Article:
Heart Disease Growing in Poorer Nations
April 26, 2004
The incidence of cardiovascular disease is rising in developing countries, particularly among working-age people, according to a new report by Columbia University's Earth Institute and other groups.
The report challenges the notion that cardiovascular disease is largely an illness of the affluent, industrialized world. It also supports mounting evidence that modern living standards in poorer countries come at a price.
Indeed, the rate of cardiovascular disease in the developing world is climbing for many of the same reasons that led to its becoming the West's leading killer: high smoking rates, fat- and sugar-rich diets, and a decrease in physical activity. High blood pressure, high cholesterol and diabetes -- all leading risk factors for cardiovascular disease -- are also on the rise.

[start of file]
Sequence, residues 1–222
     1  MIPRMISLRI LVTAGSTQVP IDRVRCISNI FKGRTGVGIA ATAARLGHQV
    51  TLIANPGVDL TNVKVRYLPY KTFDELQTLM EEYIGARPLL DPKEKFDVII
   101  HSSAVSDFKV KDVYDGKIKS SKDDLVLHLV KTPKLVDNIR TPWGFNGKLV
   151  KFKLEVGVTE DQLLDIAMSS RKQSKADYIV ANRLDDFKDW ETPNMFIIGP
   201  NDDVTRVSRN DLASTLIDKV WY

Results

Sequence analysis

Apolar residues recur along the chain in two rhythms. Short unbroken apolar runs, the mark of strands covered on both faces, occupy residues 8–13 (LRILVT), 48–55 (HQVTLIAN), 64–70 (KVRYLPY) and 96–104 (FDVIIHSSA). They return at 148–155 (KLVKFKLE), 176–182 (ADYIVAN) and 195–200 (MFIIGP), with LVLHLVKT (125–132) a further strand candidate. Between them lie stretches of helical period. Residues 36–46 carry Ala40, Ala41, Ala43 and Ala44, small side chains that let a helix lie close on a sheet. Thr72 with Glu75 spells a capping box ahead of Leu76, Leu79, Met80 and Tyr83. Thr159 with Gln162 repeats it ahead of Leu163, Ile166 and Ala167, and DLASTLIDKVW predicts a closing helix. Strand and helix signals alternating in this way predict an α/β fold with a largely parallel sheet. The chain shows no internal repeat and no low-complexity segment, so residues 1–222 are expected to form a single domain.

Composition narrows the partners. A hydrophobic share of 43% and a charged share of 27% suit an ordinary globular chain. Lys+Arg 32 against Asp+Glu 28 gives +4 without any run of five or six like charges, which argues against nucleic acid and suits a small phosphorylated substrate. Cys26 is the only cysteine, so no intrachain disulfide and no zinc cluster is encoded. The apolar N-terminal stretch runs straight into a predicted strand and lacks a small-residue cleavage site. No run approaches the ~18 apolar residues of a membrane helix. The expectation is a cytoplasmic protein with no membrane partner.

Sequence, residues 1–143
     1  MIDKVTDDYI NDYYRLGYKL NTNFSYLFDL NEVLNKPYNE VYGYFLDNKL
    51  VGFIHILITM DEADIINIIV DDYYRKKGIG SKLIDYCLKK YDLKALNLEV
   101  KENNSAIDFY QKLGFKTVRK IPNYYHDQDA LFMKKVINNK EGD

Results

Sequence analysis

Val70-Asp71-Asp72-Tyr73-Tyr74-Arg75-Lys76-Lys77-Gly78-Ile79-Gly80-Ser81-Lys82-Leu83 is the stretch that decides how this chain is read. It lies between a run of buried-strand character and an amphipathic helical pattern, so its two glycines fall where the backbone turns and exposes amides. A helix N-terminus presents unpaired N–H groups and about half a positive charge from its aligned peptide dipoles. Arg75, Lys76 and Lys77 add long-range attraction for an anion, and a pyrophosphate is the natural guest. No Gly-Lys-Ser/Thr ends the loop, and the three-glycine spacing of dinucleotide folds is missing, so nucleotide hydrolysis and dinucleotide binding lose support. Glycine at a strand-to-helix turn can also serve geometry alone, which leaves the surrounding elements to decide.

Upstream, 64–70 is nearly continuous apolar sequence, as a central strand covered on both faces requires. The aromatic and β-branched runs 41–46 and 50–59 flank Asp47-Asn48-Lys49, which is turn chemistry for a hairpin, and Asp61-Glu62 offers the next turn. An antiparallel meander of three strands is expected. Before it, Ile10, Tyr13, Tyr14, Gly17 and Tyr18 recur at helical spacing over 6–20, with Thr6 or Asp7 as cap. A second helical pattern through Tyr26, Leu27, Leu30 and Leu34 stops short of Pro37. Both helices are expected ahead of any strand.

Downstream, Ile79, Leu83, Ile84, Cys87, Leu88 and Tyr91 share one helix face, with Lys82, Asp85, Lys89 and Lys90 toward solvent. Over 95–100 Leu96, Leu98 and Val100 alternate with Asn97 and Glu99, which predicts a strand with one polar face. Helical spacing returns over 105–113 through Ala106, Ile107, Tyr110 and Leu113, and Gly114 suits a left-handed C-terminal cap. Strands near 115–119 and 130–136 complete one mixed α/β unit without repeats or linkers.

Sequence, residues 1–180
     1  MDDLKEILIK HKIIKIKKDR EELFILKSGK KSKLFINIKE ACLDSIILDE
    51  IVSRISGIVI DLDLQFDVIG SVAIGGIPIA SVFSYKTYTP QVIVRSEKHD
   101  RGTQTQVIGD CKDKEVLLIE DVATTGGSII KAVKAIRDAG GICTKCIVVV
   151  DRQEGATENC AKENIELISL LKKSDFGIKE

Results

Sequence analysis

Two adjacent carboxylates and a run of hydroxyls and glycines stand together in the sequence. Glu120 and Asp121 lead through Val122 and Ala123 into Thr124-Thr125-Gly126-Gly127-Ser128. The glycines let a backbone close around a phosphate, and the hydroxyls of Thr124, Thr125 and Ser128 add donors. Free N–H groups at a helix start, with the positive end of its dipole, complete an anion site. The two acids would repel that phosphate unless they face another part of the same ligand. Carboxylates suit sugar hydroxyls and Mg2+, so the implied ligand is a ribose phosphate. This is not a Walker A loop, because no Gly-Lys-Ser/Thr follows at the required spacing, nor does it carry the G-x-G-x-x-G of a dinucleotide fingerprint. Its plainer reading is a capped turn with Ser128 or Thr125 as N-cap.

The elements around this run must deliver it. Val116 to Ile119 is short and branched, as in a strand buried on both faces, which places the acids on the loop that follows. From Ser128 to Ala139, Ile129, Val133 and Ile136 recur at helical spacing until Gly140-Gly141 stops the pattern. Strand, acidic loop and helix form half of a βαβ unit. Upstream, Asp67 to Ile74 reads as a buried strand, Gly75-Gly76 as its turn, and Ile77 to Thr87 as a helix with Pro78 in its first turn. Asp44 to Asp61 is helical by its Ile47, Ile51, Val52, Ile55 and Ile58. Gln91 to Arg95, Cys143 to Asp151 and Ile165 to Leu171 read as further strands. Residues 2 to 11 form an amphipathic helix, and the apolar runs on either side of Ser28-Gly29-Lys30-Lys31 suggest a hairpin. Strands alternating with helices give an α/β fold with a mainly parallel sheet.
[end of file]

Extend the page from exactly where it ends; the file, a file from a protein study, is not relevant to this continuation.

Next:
- The report predicts that by 2030, heart attacks, strokes and diabetes will cumulatively account for as many as 41 percent of deaths among people between 35 and 64 in the developing world, compared with about 12 percent of U.S. deaths in the same age group.
- One contributing factor is demographics: In a phenomenon analogous to the baby boom in the United States, the number of people from 35 to 64 in developing countries is expected to double to five billion in 2040, from 2.5 billion in 2000.
- Another factor: With scourges such as infant mortality, measles, infections and other health threats steadily receding, more people in developing nations are living long enough to see heart-related complications.
The fallout could be not only huge loss of human life, but a stanching of labor productivity necessary for now-emerging economies to thrive, says Stephen Leeder, who headed the study.
Source: Ron Winslow, "More Heart Disease To Hit Poorer Nations Unless They Act Now," Wall Street Journal, April 26, 2004; Stephen Leeder, Susan Raymond and Henry Greenberg, "Race Against Time: the challenge of cardiovascular disease in developing economies," April 26, 1004, Earth Institute, Mailman School of Public Health and Australian Health Policy Institute.
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